My favorite thing about Low Stakes Trek episodes is that they allow for small, trivial interactions between the crew. While not much may be happening in terms of story, these episodes provide a clear window into a character’s likes, dislikes, personalities, relationships, and quirks. “Data’s Day” takes us on a tour of Data’s life and duties — an “ordinary day” as he calls it. Yes, there’s some diplomatic intrigue and of course Keiko and Chief O’Brien’s wedding, but the episode’s true highlights are Data’s one-on-one scenes with Geordi, Worf, Troi, O’Brien, Keiko and Dr. Crusher. The last being the most charming encounter: Crusher, “The Dancing Doctor,” teaching Data to tap. Low Stakes episodes give us details to love and hold onto about our favorite characters. “Data’s Day” is the archetypical low stakes episode and now, in a post-Star Trek: Picard world, Data’s casual correspondence with Bruce Maddox takes on a whole new meaning.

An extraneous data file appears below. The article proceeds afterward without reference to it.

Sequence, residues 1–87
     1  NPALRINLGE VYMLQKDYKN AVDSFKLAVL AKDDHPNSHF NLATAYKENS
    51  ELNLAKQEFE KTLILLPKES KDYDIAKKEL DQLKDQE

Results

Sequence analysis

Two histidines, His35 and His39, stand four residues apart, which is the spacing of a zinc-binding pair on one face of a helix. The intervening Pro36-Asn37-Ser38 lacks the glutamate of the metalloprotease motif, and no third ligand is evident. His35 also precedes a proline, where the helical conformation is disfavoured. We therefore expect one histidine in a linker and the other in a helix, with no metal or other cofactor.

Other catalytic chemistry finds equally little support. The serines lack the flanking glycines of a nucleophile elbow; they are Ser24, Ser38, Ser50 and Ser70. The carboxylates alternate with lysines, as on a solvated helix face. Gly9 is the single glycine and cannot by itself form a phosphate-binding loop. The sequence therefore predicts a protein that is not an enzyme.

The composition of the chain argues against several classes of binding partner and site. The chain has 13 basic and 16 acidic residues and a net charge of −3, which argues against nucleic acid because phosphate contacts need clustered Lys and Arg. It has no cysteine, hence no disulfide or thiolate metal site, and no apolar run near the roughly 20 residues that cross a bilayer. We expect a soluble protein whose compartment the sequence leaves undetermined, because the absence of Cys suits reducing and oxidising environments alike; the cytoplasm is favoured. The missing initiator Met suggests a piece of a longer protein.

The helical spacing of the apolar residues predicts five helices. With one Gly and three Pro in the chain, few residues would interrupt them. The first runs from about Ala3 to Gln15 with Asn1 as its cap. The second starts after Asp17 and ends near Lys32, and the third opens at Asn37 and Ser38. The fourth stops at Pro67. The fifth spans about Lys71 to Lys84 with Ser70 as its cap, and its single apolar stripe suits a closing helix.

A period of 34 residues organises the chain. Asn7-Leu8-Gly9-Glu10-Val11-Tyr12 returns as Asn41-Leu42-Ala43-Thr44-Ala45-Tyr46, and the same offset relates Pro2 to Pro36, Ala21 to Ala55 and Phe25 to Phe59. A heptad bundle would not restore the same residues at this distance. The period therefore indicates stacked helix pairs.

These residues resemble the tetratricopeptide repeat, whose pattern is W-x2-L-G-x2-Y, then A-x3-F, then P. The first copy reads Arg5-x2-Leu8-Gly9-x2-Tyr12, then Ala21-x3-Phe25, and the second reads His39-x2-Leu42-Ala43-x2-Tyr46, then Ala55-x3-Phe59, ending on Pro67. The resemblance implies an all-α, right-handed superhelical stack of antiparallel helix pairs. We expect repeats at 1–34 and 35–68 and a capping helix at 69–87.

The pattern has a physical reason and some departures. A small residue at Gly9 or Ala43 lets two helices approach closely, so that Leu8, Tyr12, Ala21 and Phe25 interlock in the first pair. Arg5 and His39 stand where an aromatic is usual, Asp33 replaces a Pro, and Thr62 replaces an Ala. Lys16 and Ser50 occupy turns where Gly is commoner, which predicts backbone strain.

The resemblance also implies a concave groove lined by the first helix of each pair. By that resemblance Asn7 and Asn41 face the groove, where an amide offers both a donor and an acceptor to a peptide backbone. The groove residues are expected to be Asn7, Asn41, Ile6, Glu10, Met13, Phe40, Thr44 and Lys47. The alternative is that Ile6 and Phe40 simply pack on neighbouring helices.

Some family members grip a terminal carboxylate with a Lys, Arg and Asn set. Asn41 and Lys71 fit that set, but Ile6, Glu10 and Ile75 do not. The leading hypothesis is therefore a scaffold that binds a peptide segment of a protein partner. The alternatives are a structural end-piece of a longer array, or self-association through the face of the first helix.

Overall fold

2. Star Trek: Deep Space Nine’s “In the Cards”
Despite this episode taking place in the shadow of what is to be a long and dark war, this simple story of friendship and kindness is utterly charming; a palate cleanser before a heavy main course. The story which focuses on Jake and Nog trying to get a vintage baseball card to cheer up a depressed Captain Sisko is a series of misadventures that get progressively more ridiculous. The episode works because the relationship between Jake and Nog is genuine and together they make a relatable if less than perfect team. There’s a dynamic and flow to Jake and Nog’s friendship that is natural; these two have grown up together and while extremely different, they love each other. The episode ends with a more cheerful Sisko, now the proud owner of a 1951 Willie Mays baseball card, telling himself, and us, that, “even in the darkest moments, you can always find something that will make you smile;” a reminder arguably more poignant today than when the episode originally aired.
3. Star Trek: Deep Space Nine’s “Take Me Out to the Holosuite”